She also alleged that Randy had lied to another prospective employer about graduating from the University of Oregon; he had never received a degree. Randy, she said, told her that his sister was in the Peace Corps, although, as it turned out, he didn’t have a sister.
Sherrie said she’d beseeched Randy again and again about his chronic lying, begging him to see a counselor. “He admitted it was a problem, and it has been a problem. He told me he could stop it any time. I felt differently and asked him to seek professional help.”
Citing yet another instance of untruthfulness, Sherrie said that in November 1977 Randy lied when he quit his job with the sheriff. “The letter of resignation I read stated that he was resigning from the Sheriff’s Office to return to Oregon to finish school,” she testified. That, Sherrie said, was not true. “We did return to Oregon, but we only stayed two months. Neither one of us — or my husband — did not get back in school at that time.
“I took work in a hospital washing dishes,” she recalled. “Randy took work as — in the — it’s not a supermarket. It’s a small, like, 7-Eleven. I don’t know the name of it, and he worked there for a while, and then he got a job working, stocking, a stock boy at a larger supermarket, after just a few weeks.”
A few months later, she said, they returned to Carson City. Randy got his sheriff’s job back. By then, she and Randy, though still married, were no longer living together, and he had rented an apartment with a roommate.
Sherrie and Randy took turns caring for their young son. Then one day in February 1978 Randy and Nathan vanished. She testified: “He left a letter of resignation on his roommate’s coffee table, stating that due to personal problems he was resigning, effective immediately.”
She soon tracked her husband and their son to a coastal town in Northern California. “My brother helped me locate him by — I had an idea that they were in Eureka, and he [her brother] contacted Eureka Police, and they sent back a teletype stating that Randy was in Eureka at a certain address.”
After Sherrie had finished testifying, it was Randy’s turn to give his version of their troubled marriage.
Randy denied most of what his ex-wife had charged. He had not lied to her about his age, he said, and, since he was never asked about his glass eye, he never had had an occasion to lie about it.
“Sheriff Rasner was aware of it,” said Randy. “He never personally asked me.” He added, “I do not feel a police officer needs two good eyes. I would submit my evaluation and record as deputy, in the course of dealing with people and handling their problems, that two good eyes are not a requisite for the position.”
Asked about his ex-wife’s charge that he had gone to Oregon not to return to college — as he told the sheriff’s office — but had instead taken a job there, Randy explained that “because to go back to school in our financial condition, I needed a year of residency prior to taking the final units, which you have to take them, at the University of Oregon, you can’t take them in a community college there. It was expensive to be a nonresident paying that tuition.”
Asked whether he had furnished a résumé to the California city of Tracy that, as Sherrie had charged, falsely claimed he had a college degree, Randy replied: “On their application, they do not specify B.A. They said four years of college. Now, the employment application which was turned in to the city reflected four years of college. The University of Oregon requires 186 quarter hours for graduation. I have 175.”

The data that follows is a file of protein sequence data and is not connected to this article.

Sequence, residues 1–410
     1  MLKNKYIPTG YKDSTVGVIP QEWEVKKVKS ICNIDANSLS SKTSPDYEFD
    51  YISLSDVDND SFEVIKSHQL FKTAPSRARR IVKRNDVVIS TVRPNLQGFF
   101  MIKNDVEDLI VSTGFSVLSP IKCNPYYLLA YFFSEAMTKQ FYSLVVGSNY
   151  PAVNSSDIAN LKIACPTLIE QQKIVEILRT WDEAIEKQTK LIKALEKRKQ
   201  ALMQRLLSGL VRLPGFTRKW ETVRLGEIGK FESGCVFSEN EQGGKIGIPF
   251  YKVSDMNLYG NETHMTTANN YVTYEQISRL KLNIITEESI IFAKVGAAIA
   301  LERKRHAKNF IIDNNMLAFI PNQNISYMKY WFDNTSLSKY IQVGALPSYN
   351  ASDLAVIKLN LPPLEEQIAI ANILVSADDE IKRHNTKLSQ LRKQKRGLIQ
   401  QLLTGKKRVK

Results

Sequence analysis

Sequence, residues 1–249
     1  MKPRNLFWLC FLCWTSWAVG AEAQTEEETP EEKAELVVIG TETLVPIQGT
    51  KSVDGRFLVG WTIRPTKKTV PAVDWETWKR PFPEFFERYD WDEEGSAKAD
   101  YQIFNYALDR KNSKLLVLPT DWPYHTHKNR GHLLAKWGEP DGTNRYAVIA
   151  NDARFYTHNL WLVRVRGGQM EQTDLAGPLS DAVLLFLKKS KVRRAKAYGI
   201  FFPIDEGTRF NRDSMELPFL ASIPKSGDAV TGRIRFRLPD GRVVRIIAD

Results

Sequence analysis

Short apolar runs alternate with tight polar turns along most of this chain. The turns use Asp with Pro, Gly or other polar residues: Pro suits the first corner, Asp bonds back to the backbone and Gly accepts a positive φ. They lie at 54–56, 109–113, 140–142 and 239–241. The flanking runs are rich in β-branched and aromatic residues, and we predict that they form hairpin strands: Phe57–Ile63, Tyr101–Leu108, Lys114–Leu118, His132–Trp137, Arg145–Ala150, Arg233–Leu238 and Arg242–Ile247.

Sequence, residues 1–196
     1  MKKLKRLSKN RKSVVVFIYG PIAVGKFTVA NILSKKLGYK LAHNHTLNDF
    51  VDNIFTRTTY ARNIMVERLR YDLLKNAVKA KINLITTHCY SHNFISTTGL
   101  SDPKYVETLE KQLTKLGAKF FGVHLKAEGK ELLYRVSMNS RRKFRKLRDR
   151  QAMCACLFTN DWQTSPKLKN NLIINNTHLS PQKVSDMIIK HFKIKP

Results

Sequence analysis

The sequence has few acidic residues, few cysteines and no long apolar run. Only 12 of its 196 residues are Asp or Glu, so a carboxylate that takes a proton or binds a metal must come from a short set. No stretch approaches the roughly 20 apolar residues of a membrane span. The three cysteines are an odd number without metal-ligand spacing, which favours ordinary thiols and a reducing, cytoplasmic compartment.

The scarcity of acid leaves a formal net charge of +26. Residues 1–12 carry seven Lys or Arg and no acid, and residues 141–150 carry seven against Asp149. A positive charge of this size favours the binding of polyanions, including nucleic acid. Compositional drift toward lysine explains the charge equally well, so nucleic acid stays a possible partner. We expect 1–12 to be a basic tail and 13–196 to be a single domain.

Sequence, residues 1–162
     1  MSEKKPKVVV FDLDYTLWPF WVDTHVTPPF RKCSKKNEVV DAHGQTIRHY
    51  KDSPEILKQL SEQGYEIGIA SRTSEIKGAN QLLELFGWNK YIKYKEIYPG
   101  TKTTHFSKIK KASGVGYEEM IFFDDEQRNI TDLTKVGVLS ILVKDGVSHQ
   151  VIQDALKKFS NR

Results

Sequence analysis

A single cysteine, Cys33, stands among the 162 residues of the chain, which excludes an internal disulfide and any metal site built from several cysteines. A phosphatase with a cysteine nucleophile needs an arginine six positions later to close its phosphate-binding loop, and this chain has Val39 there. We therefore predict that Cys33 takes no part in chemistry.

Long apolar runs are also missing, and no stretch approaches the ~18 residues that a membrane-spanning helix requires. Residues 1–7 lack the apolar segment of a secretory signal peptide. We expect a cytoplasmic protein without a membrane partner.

Asked how he got along with young Nathan, Randy said, “I would describe the relationship as better than most father/son relationships, and it’s a very good relationship, considering his age and the experience he has had in the past. I’m proud of the relationship we have.”
Recalling his return to Carson City after retrieving Nathan from Sherrie in Smackover, he continued: “The first two or three weeks back in Nevada with him, I was not employed. I just — we became reacquainted and did a lot of things together that we had not had time to do.”
Randy went on to defend his parents, Verlyn and Madeline Fletcher, from Sherrie’s allegations that his father was a dangerously violent diabetic and his mother a drunk.
“My father is not a violent individual. He is a controlled diabetic and a patient of Dr. Soong’s,” he testified. “My mother is not a drunk. She does not drink, consume alcohol. She is a religious woman.”
Randy added that if Sherrie “had taken the time to possibly get to know [my mother], she would have realized she has hypoglycemia, which caused her to, at times, stumble.”
Then, describing an unannounced evening visit he had paid to Sherrie’s apartment in February 1978, Randy told the court of an encounter he had had with his wife and Duane Axt, Randy’s fellow deputy sheriff, with whom she was having a relationship.
“She at that time was in bed with Mr. Axt,” Randy testified. “Mr. Axt is not a suitable individual for Nathan to be around. He has in his background been arrested, and [from] the rap sheet we have, [he’d] been arrested three times for indecent exposure, and loitering near the school from the state of California.
“Mr. Axt and I used to be friends. When we had a friendship, he had stated [that] children got in his way. He really didn’t care about children, things of that nature.
“I very seriously felt that Nathan was in jeopardy.”
Shortly after the nighttime encounter with Sherrie and Axt, Randy took Nathan without his mother’s knowledge and took him to Eureka.
Sherrie arrived within a few days.